Most of these debates really frustrate me, because if you ask me nine times out of ten it’s not OR it should be AND. The gospel message is about ALL of these things. It’s about personal sin and systemic sin. It’s about personal salvation and social change. It’s about transformation now and in the future. It’s about Jesus’ death and his resurrection. It’s about a relationship with our creator and being saved from our pending encounter with the judge and about following Jesus in order to become more like him. It’s AND not OR.

That’s not to say that an individual has to know about, and understand, all these things before becoming a Christian. However, it means that as Christians we should be seeking to understand, and practice, the gospel in all its fullness. The gospel of Jesus is a big gospel, not a small one.

This is what it says in Colossians 2:2,3: “My purpose is that they may be encouraged in heart and united in love, so that they may have the full riches of complete understanding, in order that they may know the mystery of God, namely Christ, in whom are hidden all the treasures of wisdom and knowledge.”

“The full riches of complete understanding….mystery of God…treasures of wisdom and knowledge.” In my mind, this doesn’t provide an image of a narrow gospel, but a panoramic gospel. It feels to me like standing on a top of a mountain on a summer day, where you know that you’ll never be able to take in everything that you see all around you.

The word ‘riches’ is used. Now richness is about value, but it’s also about fullness and depth. Then the imagery moves to treasure – a treasure hunt, a journey of discovery. Are you viewing the gospel in all its panoramic glory? Are you continually plunging to new depths and discovering new treasures as your understanding of the gospel grows? Is it time to increase the size of your gospel?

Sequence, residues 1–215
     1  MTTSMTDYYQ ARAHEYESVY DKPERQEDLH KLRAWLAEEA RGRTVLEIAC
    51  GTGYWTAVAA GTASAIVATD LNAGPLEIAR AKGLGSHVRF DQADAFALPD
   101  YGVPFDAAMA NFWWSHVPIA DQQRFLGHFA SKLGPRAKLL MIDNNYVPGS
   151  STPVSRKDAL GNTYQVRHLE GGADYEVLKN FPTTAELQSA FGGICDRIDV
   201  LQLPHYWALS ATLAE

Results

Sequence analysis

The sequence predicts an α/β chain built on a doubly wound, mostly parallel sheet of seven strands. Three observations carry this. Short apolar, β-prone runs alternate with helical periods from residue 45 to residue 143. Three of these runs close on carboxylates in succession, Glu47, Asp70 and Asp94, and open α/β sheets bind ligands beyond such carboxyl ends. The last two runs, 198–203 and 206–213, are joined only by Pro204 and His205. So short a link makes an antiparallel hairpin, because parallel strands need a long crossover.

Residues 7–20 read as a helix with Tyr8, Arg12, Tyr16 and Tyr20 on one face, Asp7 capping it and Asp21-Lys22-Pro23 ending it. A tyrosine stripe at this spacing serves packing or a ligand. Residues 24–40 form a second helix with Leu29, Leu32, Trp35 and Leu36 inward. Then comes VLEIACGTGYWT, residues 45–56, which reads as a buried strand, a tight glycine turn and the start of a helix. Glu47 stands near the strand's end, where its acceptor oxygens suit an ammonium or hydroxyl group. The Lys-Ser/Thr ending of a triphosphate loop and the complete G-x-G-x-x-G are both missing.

The bigger your gospel is, the more relevant it is to every area of not only your own live, but to the lives of those around you. And, consequently, the more confidence you’ll have in it.

If your gospel is just about the forgiveness of sin, it’s going to be difficult to communicate within a society where sin is not really a concept people understand. If your gospel is just about heaven, why does it matter now? If you gospel is just about living a transformed life, why is someone who ‘has it all’ going to be interested?

The bigger the gospel, the more relevant it is and the more confidence you’ll have in it.

If this resonates with you, I encourage you to read a book by Timothy Keller, called King’s Cross. Reading it helped me see the gospel in full-colour, in all its panoramic glory.

About Phil Green

By day I work for the Evangelical Alliance, by night I lead a small charity called a little bit of HOPE.

2 comments on “How much confidence do you have in the gospel? (Part 2, Knowledge of the gospel: Is your gospel too small?)

  1. Pingback: How much confidence do you have in the gospel? (Part 3, Experience of the gospel: Why is your life better with Jesus in it?) « joining the dots

  2. Pingback: How much confidence do you have in the gospel? (Part 4, Power of the gospel: Do you lack confidence in God’s power?) « joining the dots

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This entry was posted on 15/05/2012 by in thought and tagged , , , , , , .


The opinions expressed on this site do not necessarily represent the views of the organisations I work with.
Copyright © 2009-2012 Phil Green
a little bit of hope